Yesterday Lieutenant Governor Tate Reeves tweeted that a teacher who was working in 2012 will have seen $8,000 added to their paycheck by the time his term ends later this year. That math sounded a little fuzzy to us so we decided to take it to the chalkboard.

The starting teacher salary was $30,900 in 2012. In 2018, the starting teacher salary was 34,390. That’s a difference of $3,490. If SB 2770, the bill touted by Lieutenant Governor Reeves, were to be signed into law as is, that would mean an additional $1,000 over the next two years. That puts us at $4,490 which, last we checked, is not $8,000. That $1,000? That’s just slightly above the cost of living adjustment for 2019.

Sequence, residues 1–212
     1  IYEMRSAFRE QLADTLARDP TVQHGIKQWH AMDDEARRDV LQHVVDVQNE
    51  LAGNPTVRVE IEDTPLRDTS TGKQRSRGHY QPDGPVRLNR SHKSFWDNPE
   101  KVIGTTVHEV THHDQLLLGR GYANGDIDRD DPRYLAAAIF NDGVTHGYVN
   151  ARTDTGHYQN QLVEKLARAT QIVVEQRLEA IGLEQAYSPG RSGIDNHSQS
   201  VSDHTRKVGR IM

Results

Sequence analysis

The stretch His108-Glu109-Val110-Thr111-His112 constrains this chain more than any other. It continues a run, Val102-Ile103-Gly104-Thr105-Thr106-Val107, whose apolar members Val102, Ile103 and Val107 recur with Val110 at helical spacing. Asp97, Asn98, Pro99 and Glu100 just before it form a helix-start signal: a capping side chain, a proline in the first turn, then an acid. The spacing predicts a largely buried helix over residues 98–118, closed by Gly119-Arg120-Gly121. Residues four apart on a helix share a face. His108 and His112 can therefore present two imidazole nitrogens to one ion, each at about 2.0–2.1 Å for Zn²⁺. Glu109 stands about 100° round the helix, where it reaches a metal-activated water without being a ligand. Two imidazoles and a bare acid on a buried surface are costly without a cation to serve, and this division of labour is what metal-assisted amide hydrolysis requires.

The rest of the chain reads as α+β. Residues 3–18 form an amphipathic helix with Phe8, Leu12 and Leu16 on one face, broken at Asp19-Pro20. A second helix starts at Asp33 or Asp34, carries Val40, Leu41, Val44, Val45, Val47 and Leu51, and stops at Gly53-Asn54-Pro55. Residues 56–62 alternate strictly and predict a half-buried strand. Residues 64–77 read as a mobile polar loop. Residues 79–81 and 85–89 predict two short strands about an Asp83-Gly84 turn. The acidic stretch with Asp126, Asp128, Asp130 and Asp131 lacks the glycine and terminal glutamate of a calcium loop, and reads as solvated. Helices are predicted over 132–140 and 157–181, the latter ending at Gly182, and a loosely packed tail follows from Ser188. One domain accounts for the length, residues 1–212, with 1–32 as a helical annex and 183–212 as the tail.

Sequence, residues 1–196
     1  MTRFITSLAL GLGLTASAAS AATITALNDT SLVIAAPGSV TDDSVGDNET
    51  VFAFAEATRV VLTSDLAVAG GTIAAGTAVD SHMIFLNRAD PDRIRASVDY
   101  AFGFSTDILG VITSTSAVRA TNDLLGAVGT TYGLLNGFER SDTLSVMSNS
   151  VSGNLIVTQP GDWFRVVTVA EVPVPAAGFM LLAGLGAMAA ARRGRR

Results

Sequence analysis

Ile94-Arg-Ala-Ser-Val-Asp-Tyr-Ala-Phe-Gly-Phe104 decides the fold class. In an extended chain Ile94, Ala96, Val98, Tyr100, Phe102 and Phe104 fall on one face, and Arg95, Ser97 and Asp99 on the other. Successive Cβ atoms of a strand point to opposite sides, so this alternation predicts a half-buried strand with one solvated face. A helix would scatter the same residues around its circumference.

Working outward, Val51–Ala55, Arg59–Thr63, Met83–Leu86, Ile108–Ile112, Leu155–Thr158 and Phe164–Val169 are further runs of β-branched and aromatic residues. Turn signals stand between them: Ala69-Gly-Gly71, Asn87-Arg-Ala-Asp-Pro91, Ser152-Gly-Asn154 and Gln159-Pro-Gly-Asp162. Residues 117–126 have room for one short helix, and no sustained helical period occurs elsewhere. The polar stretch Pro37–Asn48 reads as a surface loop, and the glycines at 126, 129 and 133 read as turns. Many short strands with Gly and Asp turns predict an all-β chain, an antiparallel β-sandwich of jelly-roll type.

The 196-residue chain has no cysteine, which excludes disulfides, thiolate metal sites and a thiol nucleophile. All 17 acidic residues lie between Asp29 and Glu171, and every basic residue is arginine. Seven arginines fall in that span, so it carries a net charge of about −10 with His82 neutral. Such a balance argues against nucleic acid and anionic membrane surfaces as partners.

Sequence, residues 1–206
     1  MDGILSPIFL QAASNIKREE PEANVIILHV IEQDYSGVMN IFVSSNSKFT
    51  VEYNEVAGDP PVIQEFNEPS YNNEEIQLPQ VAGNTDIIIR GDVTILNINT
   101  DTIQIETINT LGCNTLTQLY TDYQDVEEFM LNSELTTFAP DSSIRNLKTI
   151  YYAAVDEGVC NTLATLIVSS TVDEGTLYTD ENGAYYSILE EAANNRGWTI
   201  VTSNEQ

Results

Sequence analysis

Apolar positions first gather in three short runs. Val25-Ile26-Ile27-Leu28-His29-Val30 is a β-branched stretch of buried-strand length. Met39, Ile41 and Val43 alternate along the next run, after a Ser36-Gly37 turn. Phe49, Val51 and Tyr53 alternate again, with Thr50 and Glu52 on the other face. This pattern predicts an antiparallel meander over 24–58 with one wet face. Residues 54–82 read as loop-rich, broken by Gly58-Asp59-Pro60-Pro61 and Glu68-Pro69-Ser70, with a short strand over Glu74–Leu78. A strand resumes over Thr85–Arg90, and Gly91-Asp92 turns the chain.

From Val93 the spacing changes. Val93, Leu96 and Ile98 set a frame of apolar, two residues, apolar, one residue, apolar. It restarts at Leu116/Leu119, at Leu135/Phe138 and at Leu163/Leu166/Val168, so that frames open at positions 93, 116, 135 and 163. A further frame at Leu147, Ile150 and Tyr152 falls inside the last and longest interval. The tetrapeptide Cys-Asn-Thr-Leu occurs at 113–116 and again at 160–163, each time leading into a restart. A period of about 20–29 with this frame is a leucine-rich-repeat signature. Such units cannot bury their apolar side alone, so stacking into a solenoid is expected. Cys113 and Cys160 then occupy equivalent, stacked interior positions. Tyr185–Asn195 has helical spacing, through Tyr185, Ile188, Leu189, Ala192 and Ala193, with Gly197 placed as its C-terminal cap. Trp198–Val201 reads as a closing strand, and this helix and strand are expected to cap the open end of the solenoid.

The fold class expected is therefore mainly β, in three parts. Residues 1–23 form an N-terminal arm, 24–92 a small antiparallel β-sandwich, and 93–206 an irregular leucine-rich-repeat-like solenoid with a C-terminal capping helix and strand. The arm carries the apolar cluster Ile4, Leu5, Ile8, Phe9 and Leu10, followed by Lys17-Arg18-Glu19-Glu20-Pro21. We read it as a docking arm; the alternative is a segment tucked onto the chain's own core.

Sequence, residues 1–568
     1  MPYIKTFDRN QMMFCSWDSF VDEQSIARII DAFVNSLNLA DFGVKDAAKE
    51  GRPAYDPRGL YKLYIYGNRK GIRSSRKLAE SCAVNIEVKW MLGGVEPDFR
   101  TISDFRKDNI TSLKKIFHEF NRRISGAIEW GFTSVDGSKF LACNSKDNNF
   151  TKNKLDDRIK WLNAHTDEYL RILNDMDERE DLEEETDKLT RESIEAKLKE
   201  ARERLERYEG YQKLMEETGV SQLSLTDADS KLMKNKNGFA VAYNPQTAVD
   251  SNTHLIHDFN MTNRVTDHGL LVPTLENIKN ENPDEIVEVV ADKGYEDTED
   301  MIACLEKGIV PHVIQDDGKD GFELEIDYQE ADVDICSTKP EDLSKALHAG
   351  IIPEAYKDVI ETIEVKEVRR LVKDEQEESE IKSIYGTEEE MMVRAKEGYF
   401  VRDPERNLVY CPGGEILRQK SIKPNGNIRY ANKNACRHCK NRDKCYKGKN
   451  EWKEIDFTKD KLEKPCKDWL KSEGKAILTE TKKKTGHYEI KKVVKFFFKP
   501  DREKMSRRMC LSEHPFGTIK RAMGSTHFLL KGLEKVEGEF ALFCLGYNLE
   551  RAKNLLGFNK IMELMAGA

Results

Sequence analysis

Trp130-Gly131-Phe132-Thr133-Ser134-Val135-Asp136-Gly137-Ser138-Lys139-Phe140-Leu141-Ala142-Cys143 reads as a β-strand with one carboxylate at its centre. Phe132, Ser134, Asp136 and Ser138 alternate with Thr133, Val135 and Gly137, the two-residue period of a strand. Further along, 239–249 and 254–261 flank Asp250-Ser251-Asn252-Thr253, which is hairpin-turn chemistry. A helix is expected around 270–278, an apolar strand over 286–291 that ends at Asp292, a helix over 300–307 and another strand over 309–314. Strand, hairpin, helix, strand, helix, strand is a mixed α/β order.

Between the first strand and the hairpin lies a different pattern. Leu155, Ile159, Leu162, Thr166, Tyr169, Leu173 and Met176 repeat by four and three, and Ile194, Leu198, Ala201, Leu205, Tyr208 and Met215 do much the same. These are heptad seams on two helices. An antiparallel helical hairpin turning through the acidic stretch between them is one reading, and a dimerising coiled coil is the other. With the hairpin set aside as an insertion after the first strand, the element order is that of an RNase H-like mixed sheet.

Now, if HB 1349’s proposed teacher pay raise were signed into law as written—no, wait. That bill’s pay raise calls for $2,000. That would put us at just $5,490, which is also not $8,000.

The bottom line: It’s disingenuous for the Lieutenant Governor to take credit for a teacher’s experience and commitment to the profession, which is why step increases are NOT reflected in our numbers—nor should they be in his.

Maybe it’s the teacher in us, but we’re afraid we have to ask: Lieutenant Governor, please #ShowYourWork.